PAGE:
Useful Tips for Sod Installation You Could Use
The pride of many homeowners and parks has been a lush lawn that looks vibrant, healthy, and thick. No surprise then, sod continues to be the number one way to install and produce an even lawn right from the start versus trying to grow it from seed. However, laying new sod isn’t a simple matter of unrolling carpet slices of green grass. A good amount of preparation is involved in the job to do it right, otherwise, the sod applied can end up dying off.
How Much Sod to Order?
A typical sod application is not a drop in the bucket. A 1,000 square foot section will run approximately $850, and larger yards or front lawn areas can cost more. However, the positive effects can be almost immediate as it only takes a few weeks for the sod to settle in and look like a natural lawn without any hint of artificial preparation and installation.
When to Lay Sod
The best time for a new sod installation tends to be in the spring or fall. Ideally, the sod should go down when it is cool outside and there’s no blazing sun or frigid temperatures at night. Technically, sod can be installed any time of year without snow or freezing, but it will grow best in the mid-warming times of year between extremes.
How to Prepare for Sod Installation
The first step in how to lay sod yourself and any sod job involves getting the soil ready for the sod installation. Sod can’t be just laid on top of hard-packed dirt and expected to magically grow. The soil underneath has to be tilled and turned over to all for oxygen, water penetration, and root growth. Sometimes soil may even have clay in it, a serious problem for growth. So, additional soil has to be added to break up this problem and give the sod proper material to work with. The most common soil preparation involves rototilling to a fine level so the ground is completely worked and there are no hardpan or compacted areas left.
Preparing Yard for Sod
Next, the soil has to be leveled when preparing for sod installation. Note, this does not mean compacted. Instead, the bumps and lumps need to be taken out or broken down so the sod has even contact with the soil underneath. Lumps and clods will create gaps and root die-off since the sod roots won’t be able to cross the spacing in a pocket. Close contact is ideal as the sod roots will continue to grow down into the soil bed, rooting the sod layer for long-term growth.
How Can You Lay Sod Pieces?
The first row of sod matters the most. You want that first row to be as straight as possible, so it should be lined up with an edge, a fence or a sidewalk edge. That definition will impact the rest of the sod as it gets placed. The sod is basically placed, pinned and unrolled along the edge. Generally, nothing should be on the sod or standing on it. A key factor is a sod, flat application without any pockets or bubbles. Use a rake if needed to press bumps or wrinkles down.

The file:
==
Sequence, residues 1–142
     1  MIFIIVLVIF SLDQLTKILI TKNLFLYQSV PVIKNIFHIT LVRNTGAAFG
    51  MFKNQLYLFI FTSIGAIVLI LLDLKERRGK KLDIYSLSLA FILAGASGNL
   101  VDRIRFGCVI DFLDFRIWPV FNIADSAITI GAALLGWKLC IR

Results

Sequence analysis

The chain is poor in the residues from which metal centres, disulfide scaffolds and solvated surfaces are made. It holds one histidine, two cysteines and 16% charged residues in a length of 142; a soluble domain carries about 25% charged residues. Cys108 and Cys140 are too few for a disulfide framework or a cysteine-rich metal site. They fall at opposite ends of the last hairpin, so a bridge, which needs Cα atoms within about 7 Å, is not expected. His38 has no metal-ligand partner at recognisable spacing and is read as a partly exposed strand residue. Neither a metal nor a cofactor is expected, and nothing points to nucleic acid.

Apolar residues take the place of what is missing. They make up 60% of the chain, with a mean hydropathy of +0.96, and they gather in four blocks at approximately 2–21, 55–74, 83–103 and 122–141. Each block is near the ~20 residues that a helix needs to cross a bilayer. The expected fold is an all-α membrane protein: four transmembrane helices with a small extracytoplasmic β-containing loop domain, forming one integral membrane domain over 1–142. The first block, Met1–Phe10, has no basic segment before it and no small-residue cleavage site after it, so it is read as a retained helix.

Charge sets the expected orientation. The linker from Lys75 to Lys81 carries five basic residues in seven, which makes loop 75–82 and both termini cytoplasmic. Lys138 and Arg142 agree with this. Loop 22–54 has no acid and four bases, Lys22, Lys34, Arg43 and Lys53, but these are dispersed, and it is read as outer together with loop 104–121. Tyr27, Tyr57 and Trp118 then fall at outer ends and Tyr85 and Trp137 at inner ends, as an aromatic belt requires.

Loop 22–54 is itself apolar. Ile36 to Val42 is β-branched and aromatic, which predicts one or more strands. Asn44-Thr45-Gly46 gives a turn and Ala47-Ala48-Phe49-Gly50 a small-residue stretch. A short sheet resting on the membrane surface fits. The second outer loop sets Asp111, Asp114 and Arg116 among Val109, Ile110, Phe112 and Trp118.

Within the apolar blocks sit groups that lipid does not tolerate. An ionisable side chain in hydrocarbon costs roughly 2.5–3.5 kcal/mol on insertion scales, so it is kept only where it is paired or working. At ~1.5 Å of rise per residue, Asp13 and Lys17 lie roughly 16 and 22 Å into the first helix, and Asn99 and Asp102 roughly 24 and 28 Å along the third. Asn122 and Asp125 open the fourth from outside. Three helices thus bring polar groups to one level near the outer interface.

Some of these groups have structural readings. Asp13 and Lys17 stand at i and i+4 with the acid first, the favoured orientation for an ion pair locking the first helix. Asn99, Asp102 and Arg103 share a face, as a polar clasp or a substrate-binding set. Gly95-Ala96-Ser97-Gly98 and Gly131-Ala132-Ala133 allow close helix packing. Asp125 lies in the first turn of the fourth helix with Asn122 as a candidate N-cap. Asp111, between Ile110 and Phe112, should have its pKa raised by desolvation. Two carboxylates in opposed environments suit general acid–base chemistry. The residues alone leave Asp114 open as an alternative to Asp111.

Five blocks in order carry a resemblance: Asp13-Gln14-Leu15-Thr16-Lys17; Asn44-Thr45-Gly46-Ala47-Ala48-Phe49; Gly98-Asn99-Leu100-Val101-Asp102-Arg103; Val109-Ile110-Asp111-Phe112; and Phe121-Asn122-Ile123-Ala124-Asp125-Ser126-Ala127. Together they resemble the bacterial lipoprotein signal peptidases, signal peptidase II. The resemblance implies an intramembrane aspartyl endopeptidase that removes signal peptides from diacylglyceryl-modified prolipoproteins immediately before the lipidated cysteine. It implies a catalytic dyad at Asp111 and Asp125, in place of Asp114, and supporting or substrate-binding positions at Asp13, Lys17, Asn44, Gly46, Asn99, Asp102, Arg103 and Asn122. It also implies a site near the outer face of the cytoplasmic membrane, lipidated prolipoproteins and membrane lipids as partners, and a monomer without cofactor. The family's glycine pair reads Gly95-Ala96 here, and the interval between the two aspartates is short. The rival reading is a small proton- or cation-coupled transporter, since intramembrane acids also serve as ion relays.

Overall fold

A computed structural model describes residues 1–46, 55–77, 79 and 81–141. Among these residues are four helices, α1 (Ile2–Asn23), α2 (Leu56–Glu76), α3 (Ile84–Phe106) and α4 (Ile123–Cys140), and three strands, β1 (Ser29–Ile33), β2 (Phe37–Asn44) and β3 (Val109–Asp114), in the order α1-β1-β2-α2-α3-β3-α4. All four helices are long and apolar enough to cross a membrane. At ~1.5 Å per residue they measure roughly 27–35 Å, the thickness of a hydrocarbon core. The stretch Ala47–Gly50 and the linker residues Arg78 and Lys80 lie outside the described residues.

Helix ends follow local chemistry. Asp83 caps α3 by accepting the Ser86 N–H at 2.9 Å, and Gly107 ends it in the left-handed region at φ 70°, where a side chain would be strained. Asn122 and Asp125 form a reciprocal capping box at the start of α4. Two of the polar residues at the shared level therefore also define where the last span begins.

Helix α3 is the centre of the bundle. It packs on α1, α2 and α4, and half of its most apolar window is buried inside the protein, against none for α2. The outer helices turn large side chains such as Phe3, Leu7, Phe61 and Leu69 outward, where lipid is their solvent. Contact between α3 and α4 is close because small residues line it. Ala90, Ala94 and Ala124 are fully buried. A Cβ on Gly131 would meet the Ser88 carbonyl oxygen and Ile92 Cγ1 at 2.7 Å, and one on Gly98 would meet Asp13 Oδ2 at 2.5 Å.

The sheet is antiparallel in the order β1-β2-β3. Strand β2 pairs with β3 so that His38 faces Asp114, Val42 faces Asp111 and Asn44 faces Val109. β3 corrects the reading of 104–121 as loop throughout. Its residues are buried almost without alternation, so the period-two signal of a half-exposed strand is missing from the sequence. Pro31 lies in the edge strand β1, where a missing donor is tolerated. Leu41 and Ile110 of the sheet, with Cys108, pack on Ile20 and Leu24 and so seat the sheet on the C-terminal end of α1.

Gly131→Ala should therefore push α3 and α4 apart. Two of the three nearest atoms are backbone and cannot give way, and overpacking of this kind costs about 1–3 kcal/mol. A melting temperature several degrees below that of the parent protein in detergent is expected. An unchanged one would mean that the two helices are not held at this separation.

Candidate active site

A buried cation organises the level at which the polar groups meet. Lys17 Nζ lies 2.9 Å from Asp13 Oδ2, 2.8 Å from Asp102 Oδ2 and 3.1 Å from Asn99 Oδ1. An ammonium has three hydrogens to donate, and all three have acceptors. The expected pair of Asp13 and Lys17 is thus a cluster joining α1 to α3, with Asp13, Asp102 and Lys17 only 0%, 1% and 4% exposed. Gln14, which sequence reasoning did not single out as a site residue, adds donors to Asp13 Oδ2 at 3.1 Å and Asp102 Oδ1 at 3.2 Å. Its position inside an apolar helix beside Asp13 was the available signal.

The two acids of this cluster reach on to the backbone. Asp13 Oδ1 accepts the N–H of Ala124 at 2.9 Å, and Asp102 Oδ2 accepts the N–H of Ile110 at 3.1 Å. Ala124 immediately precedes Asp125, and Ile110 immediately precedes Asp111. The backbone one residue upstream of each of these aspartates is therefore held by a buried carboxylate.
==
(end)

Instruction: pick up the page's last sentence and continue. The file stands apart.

As a roll finishes and a new roll starts, they should be staggered so there’s not a single line across the lawn from one row to the next. A basic garden knife helps with trimming edges, ends, and holes for garden sprinklers and edges.
As the sod is laid down, one layer after another, tuck and butt the edges and ends together snugly so there’s no gapping or overlap. Ideally, the edges should grow together without any die-off due to a dry spot.
Adding water to the sod should be regular and frequent but avoid flooding and make sure drainage is working properly. Sitting water causes sod to rot and die off. Avoid standing on the lawn in any situation as it will be very easy to kill at this point in the growth. Watering should be in the morning so it has the day to dry off the excess and won’t sit at night. After about a week, watering can be lessened to every two days. By the third week, it should be two out of seven days. Then the sod should be in maintenance mode, with more water in the summer and less in the winter.
Time to Mow and How to Care for Sod
Generally, sod will not be ready to cut and mow for a number of weeks. It really shouldn’t even be touched until the grass is over three inches in height. At that point, lower it only to two inches. A lightweight mower should be used and all cuttings should be bagged and removed. The sod is still fragile and easy to kill off. Also, make sure the mower’s blade is sharpened; a dull blade bruises the grass and damages it further down the stalk.
Also, don’t be too quick to add fertilizer. The first feeding should be at least a month after the sod installation and not sooner. Make sure to use a starter fertilizer first versus a regular brand.
Can You Lay Down Sod by Yourself?
The short answer is yes, but you need to be dedicated to the work and have the right tools for the job. It’s not rocket science, but you can’t rush the job either for the best results. Putting down sod is not an instant-gratification trick; it takes work and planning. Follow the steps right, and the sod will turn into a beautiful lawn.
However, if this kind of project seems challenging or could take too much time, Clear Cut Group is always available to help.
Sod installation is just one of a number of projects Clear Cut Group can help homeowners with, along with landscaping and light hanging too. So, you can still enjoy a new sod installation without struggling with the work the first time, and it gives you a good chance to see how the job is done right as well.